tribute rhoda kadalie

I have never seen President Nelson Mandela as handsome as at some state banquet in Tuynhuys, wearing a black brocaded shirt, looking every inch the regal gentleman that he is. And it was those shirts that set a new fashion trend for politicians and that typified Mandela not only as an exceptional political leader and president, but also as a very modern president, despite his age. He not only upheld SA's very progressive Constitution, he also lived it. Live and let live depicts Mandela's reign. He was the epitome of reconciliation, tolerant of diversity, truly non-racial, fond of women and children, and respectful of all, no matter who and what they are. Who would have had tea with Betsie Verwoerd, the wife of the architect of apartheid, after his release from prison?

That he was SA's first president was a gift from God. While the New Constitution was the foundation for our new democracy, Mandela created the climate for this democracy to take root. I shall never forget our first meeting with Mandela, when he inaugurated SA's first Human Rights Commission, of which I was a member. Each of us had to introduce ourselves to him and when it came to my turn, he said: "And why are you so silent unlike your grandfather, Clements Kadalie, who turned the country upside down." It was not long before he referred to me as "that troublesome woman"! Mandela set the bar very high for those who would follow him and so often we compare Mandela to the rest of Africa's leaders because he is so exceptional and many of them so bad. But for his stature and exemplary style of leadership, Nelson Mandela should be compared to the world's best, the world's charismatic and exemplary leaders like Franklin D Roosevelt, John F Kennedy, Winston Churchill, Bill Clinton, Seretse Khama, Salvador Allende, Garfield Todd, and many others.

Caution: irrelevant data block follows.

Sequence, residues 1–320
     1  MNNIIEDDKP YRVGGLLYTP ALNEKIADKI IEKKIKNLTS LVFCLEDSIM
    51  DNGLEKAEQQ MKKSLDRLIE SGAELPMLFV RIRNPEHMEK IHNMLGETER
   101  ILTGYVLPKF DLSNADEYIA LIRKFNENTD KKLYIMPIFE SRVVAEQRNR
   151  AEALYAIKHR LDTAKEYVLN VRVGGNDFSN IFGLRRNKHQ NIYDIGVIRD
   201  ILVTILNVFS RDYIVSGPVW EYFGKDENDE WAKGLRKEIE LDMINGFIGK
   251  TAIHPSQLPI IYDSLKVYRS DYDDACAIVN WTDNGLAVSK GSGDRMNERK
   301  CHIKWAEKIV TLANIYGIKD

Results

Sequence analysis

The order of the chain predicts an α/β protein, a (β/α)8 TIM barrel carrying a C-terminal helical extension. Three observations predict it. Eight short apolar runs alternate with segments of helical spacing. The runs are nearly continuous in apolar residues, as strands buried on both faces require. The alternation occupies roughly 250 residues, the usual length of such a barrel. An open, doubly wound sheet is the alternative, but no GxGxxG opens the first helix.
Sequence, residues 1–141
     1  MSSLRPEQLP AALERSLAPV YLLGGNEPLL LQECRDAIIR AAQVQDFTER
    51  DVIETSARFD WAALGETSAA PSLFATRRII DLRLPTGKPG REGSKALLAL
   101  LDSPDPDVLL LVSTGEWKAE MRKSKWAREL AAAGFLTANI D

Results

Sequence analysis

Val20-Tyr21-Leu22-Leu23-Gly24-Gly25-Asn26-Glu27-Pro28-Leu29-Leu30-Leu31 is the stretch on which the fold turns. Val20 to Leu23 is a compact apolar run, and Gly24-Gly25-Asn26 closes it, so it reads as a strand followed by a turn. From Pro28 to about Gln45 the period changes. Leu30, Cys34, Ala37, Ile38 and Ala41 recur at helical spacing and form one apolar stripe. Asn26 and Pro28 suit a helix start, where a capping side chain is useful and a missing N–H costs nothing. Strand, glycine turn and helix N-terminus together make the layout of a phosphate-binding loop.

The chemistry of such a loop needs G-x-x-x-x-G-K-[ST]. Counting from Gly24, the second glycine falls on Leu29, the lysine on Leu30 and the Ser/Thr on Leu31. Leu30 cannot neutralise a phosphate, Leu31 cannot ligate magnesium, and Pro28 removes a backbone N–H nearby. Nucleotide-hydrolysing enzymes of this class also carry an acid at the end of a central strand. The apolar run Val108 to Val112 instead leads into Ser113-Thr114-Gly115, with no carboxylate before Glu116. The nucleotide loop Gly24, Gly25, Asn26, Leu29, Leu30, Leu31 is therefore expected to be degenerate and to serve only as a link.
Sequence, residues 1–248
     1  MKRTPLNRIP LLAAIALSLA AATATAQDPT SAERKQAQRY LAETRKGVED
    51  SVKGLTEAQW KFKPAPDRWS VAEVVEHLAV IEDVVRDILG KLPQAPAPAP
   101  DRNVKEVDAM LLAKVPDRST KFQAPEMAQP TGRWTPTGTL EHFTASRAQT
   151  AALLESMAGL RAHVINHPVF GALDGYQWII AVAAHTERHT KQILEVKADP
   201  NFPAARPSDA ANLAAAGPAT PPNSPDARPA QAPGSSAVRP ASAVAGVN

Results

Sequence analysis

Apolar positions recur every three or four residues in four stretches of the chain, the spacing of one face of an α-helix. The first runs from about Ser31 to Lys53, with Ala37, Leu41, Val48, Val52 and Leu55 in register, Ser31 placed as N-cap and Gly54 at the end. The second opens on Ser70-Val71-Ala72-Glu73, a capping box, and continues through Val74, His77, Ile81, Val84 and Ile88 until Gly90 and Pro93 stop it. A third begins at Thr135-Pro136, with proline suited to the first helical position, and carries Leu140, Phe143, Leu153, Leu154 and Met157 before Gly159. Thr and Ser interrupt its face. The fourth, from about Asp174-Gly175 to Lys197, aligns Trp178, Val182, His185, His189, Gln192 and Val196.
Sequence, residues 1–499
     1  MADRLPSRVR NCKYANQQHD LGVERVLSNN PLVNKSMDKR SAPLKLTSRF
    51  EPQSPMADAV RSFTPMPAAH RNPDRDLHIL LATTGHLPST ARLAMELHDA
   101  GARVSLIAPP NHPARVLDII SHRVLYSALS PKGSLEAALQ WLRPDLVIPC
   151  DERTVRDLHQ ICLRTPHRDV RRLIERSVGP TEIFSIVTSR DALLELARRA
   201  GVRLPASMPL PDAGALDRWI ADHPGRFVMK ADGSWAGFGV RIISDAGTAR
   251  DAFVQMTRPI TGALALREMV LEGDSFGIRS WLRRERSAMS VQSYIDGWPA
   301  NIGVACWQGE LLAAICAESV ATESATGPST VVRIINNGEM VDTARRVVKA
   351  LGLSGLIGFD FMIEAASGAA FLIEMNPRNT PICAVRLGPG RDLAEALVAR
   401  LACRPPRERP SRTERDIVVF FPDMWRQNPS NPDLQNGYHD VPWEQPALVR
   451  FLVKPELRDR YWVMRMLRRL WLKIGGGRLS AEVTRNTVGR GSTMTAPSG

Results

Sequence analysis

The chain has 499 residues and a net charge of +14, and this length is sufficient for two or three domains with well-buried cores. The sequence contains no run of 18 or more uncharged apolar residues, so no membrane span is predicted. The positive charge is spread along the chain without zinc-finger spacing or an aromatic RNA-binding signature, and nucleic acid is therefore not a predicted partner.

While the nation laments the fact that Mandela retired after one term, he set the example to those who want to cling to power regardless and sent out a very important message to political leaders, that they are not indispensable and should make room for and groom others. He turned a bad prison experience into a blessing. Maybe, ironically, prison saved him from the mess of liberation.